But we’re still here, aren’t we? We’re still living this hellish nightmare of an invisible murderer. Let’s face it – there are no answers, and looking to government to “save” us like some cosmic Superman is childish. No one has the answers. Even this vaccine is still in trial stage. You know it. I know it. We all subconsciously hold our breath when someone we know gets the shot, like we’re waiting for hell to lay down its cards and we’ve just lost.

But you know, my body hasn’t felt this tranquil in years. I don’t have office stress. I sleep more. I’m spending more time with my husband – and I STILL like being around him. I’ll bet a lot of families are enjoying the same. I’m sure it’s hard with kids. But I bet it’s also nice. I bet relationships are growing stronger in ways you won’t realize until much later. I wonder if this will cultivate a grateful generation – just grateful to have friends and be connected, go to school, sit in class, and some day sit in an office or behind a register just grateful for what they have.

This is my hope. Let’s see what we gained. It might not come to harvest for years, but keep watering the seeds of your labor.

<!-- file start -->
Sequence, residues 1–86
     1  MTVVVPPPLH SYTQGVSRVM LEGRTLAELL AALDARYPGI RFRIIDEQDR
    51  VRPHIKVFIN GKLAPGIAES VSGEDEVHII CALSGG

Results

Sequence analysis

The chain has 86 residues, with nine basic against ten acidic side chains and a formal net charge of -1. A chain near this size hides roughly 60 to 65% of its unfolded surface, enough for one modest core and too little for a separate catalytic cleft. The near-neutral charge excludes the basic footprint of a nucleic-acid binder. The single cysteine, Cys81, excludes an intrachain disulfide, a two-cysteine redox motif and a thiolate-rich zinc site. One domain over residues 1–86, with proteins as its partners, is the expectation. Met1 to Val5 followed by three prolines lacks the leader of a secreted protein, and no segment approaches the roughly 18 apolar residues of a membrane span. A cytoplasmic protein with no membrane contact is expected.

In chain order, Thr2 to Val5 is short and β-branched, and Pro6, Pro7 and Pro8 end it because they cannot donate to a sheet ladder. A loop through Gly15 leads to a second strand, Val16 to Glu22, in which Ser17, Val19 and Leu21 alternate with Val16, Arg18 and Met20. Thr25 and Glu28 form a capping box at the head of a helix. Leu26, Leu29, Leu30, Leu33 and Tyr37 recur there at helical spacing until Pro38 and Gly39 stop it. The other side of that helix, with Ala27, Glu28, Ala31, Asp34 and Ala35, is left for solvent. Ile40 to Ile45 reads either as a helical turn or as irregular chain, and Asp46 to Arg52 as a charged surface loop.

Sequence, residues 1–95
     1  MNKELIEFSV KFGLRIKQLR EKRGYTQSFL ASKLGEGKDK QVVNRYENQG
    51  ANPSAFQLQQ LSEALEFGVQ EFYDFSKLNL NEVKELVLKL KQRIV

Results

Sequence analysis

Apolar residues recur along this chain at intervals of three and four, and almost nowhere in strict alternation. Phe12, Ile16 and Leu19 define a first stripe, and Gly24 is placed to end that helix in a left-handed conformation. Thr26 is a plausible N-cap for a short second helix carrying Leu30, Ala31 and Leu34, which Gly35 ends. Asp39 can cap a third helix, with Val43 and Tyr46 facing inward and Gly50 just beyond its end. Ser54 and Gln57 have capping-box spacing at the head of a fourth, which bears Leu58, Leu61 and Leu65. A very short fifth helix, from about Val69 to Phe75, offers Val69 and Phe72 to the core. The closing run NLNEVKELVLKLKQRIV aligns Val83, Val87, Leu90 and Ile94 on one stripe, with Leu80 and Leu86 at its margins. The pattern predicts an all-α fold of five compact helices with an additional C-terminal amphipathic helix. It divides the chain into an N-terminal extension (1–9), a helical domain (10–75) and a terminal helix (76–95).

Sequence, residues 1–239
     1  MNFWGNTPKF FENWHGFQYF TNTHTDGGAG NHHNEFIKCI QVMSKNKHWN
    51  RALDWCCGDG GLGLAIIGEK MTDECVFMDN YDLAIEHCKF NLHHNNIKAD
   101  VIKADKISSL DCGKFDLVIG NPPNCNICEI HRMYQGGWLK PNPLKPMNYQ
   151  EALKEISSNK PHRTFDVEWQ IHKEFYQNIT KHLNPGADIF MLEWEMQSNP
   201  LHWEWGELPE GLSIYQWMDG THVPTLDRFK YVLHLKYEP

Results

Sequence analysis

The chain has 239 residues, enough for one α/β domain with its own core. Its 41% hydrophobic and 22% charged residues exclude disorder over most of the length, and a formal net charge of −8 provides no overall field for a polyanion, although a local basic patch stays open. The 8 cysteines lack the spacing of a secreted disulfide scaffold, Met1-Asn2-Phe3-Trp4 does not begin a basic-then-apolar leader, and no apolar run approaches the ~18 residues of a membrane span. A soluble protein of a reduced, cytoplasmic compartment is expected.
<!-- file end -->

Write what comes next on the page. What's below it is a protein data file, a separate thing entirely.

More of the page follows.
This has been,

Fanny T. Crispin

Raw

All Things Good and Mortal

Life isn’t fair.

But love and joy and a lifetime of memories are good.

No one can know themselves until they are faced with mortality. I’m not talking about one’s personal mortality. I think most of us are braver than we realize.

I’m talking about the mortality of the people closest to us. We know death is cause and effect. We understand the cycle of life and the inevitability at the end of existence. But when faced with reality is the moment we come to know just what we are made of.

And we fight this ridiculous battle. When IS it time to let go? How much time do we feel we deserve at the end of it all? Is it selfish to hold on? Is it as scary as it seems to go? What does the end look like? Does it hurt? What really lies on the other side?


I was born and raised in an unassuming modern Christian home. We didn’t use labels. My Lutheran family decided we were Lutheran. My Catholic family decided we were Catholic. But we really weren’t either. We just lived this faith thing like it was fact. I suppose most of the time we took it for granted. We got some good theology along the way and some bad theology, too – which simply means to say, we’re very not perfect.

But growing up with faith for a better afterlife brings comfort. The only thing I do question is what will it be like, not whether it will be there or not. I accept that a lot of loved ones have ended up there – hopeful more than I realize. I wasn’t terribly concerned with grief.

Until the call came for my last, living grandparent.